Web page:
There is apparently a news report about some parents in France who forgot their 3 year old on the side of the highway. Shock horror.

Actually, I don’t see the big deal. One of my ex’s claimed his mom once forgot him at the grocery store when she took his cousins with her and lost count of the kids. Obviously, his brother thought this was a windfall and didn’t bother point out there was one less child in the car.

My uncle would regularly have his kids sound off to make sure he hadn’t misplaced one. Even so, we cousins briefly managed to lose the younger group who were all under the age of ten at the time at the Rand Easter Show after deciding riding a roller coaster they were too small for was a good idea. Unfortunately, our independent minded younger siblings wandered off in the interim. We had a panicked half hour before they turned up again. I suppose an argument could be made why on earth the adults in charge thought it was smart to leave about thirteen children all under any legal working age in most countries with child protection laws unattended in a place like the Rand Show. My only excuse is it was a different era perhaps and that side of the family were quite big on survival of the fittest and natural selection so left us to our own devices quite a lot.

This never did explain my mother however. I remember calling her before the days of mobile phones being the norm. She answered and went ‘Who is this?’ and then ‘How are you calling me?’ At which point I almost lost it and pointed out OBVIOUSLY I wasn’t in the house and would not be home for lunch because she had forgotten to pick me up at the shopping centre and this was a public telephone. This was only a few months after she’d done exactly the same thing at the school (which was an occurrence that I was to undergo about three times vs my siblings none – I don’t know if she was trying to tell me something). The school had actually been worse as it had involved being completely alone in falling darkness, even the maintenance staff having left and having to knock on doors to try please ask if I could call my home as the ticky box was now locked up too and I didn’t have any money anyways as I didn’t expect to be there then.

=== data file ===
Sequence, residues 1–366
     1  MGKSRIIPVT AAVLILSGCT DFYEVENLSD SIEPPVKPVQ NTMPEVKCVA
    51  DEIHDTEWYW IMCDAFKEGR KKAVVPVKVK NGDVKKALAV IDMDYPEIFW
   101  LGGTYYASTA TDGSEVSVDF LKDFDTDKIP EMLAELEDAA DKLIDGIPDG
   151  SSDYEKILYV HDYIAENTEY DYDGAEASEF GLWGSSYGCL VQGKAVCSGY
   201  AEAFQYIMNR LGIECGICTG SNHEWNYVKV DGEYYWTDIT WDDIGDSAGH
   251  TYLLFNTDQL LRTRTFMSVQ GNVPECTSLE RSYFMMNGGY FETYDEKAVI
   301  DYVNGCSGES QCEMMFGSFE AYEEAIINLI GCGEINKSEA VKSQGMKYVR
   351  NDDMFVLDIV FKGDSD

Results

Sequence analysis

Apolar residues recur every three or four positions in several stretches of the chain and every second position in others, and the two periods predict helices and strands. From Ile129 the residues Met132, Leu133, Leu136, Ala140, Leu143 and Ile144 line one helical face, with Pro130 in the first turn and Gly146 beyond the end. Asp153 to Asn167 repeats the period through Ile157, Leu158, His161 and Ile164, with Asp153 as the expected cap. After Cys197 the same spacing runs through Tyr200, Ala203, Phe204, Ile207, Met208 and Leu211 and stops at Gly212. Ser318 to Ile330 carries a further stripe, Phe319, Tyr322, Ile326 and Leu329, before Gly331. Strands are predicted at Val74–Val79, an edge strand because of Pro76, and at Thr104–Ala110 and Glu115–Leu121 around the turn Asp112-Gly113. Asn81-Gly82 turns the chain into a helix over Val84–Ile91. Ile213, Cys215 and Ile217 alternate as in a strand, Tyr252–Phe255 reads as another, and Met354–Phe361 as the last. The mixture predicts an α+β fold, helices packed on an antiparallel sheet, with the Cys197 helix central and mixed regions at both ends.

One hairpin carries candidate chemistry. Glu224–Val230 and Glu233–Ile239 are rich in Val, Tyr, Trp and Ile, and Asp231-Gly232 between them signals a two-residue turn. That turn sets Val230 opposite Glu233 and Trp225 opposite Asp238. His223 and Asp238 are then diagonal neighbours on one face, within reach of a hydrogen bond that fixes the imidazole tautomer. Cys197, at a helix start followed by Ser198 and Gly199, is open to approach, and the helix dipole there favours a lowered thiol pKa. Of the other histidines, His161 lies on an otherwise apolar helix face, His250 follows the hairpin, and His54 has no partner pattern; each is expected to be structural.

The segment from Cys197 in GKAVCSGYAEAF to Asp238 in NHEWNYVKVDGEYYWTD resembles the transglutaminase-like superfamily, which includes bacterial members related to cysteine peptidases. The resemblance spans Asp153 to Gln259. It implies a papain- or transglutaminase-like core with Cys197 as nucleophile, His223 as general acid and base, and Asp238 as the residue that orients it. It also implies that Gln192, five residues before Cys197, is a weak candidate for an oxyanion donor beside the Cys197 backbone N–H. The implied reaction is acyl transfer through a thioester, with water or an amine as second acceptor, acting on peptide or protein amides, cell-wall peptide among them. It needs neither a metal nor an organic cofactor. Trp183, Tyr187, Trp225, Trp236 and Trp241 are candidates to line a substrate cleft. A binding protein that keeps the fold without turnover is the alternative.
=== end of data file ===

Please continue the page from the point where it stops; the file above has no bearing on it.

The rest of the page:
On these occasions the reaction was similar. It was somehow my fault that they had neglected to pick me up after telling me I should wait for a later lifting time because my siblings needed to be dropped off all over town first and I could ‘work in the library’ were the exact words rather than sit in a hot car. Of course, once everyone arrived home, noone actually said someone is missing. It was the same accusatory attitude I was inconveniencing supper by not being present.

My parents were not bad parents. But scatty. So scatty. A lesson in survival if nothing else. And an era when these things were possible. I have no doubt if this had happened today I would probably be in foster care.



Filed under family

2 responses to “Neglect

  1. You are not alone. We nearly abandoned a daughter in darkest Africa – she had got out of the car again after a wee break and we drove on for some distance before suddenly becoming alarmed at the silence. My father once, in mid-Johannesburg, didn’t give me enough time to get onto the pillion seat of his motorbike and roared off home to Germiston. He didn’t come back for me; decided I had decided to go somewhere to do something. I had to borrow money for a bus.

  2. I can remember being forgotten at school by an aunt! not needed therapy mind šŸ™‚

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